During the mid-nineteenth century, a scouting group from a religious sect of German descent left Bethel, Missouri and headed west to find a new and more remote location for their utopian religious community. Among them was one woman, Emma Giesy, wife of the leader of the group. Feeling very suppressed by the dictatorial leader of the community in Bethel, Emma managed to get herself included in the scouting party. They initially headed to the Washington Territory. But when the rest of the community arrived, there was disagreement and they eventually ended up in the Willapa Valley in the Oregon Territory.
Kirkpatrick combines actual historical records with fictional events and dialog to give us a good sense of what life was like in the religious community and in the wild Oregon Territory. They certainly experienced hardships that had to be endured for them to survive. Of central interest is the place of women in that era. Emma rebelled against the accepted place. She desired a community where there was more equality between men and women. She was a strong woman but her exhibiting that strength came at a price for the community.
There are many issues discussed in this novel and the Discussion Questions included help make this a good choice for reading groups. There can be lively discussion about the place of women in the church and ministry and about how much authority a religious leader should have and if he should be followed without question.
I think you will find this historical novel well written and very interesting. Not only will you get a sense of pioneering in the mid-nineteenth century but also the characteristics of the religious communities that were formed during this era.
I received a complimentary copy of this book from the publisher for the purpose of this review.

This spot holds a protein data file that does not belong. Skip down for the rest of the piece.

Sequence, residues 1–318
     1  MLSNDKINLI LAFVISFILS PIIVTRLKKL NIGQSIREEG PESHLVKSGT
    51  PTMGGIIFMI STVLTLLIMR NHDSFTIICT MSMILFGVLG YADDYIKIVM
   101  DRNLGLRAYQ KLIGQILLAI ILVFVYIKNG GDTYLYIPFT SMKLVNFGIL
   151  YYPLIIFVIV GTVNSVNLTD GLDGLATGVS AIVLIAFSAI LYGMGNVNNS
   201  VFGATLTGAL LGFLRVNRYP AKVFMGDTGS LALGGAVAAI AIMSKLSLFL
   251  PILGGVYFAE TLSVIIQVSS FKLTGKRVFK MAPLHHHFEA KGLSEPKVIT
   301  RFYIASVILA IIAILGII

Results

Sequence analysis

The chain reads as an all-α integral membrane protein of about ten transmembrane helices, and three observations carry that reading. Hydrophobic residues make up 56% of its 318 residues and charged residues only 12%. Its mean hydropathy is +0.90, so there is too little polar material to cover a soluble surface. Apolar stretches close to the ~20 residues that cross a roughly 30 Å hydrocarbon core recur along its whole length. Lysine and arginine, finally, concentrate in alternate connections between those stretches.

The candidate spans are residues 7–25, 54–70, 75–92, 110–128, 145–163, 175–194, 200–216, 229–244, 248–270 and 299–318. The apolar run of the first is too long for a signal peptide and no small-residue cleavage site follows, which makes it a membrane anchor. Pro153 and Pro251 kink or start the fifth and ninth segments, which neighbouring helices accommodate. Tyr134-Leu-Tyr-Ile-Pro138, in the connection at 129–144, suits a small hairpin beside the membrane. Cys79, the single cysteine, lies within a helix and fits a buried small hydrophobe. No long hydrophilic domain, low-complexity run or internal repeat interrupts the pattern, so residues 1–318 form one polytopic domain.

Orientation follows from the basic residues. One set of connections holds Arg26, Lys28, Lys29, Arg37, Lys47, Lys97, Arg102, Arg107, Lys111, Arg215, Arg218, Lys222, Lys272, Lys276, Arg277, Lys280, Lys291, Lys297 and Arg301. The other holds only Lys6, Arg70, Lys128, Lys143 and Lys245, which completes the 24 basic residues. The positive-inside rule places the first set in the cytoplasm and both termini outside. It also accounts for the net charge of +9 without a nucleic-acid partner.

CherylProspect,KYAge: 45-54Gender: female4 Stars Out Of 5Love 19th c. historical fictionApril 27, 2013CherylProspect,KYAge: 45-54Gender: femaleQuality: 5Value: 5Meets Expectations: 4A Clearing in the Wild by Jane Kirkpatrick opens on Christmas Day, 1851, in the colony of Bethel, Missouri, an isolated community of German immigrants dedicated to their faith where all wealth was common wealth so that no one would have to be concerned about the future. They were historically known as Harmonists who tried to achieve Christian perfection beginning their colony in Pennsylvania, then moving to New Harmony Indiana, Missouri, and then west.
This life is all seventeen year old Emma remembers but yet she longs for more and begins to question the ways of the teaching of their leader, Father Wilhelm Keil. While the new thoughts within the colony are to remain single so that one can devote their time to the Lord, Emma hopes this will be her last Christmas as a single woman and she can't seem to escape the thoughts of independence and being able to speak her mind and make her own decisions, all characteristics considered undesirable for Bethel women. When the grumblings of potential war between the North and the South begin to make their way into the Bethel community, a decision must be made as to whether or not the colony can remain in Bethel or must move farther west to escape being drawn into the war that seems inevitable.
Typically, Jane Kirkpatrick takes a real historical character and weaves a believable story about their lives, filling in with fictional details that history books and biographys don't tell. She has done the same with the colony of Bethel, MO. Ms. Kirkpatrick has proven to be an author who thoroughly researches the time period she is representing and A Clearing in the Wild is no exception. I very much appreciate her attention to detail and accuracy even though it does sometimes bog down the story a bit. In reading, I tend to be more of a "let's get the story moving and let my imagination fill in some of the details" kind of reader. This isn't Ms. Kirkpatrick's style but I love historical fiction so enjoy her books as well even if they aren't ones that "grab" me.
I did receivet shi book free from the publisher in exchange for an honest review. I was in no way obligated to leave a positive review.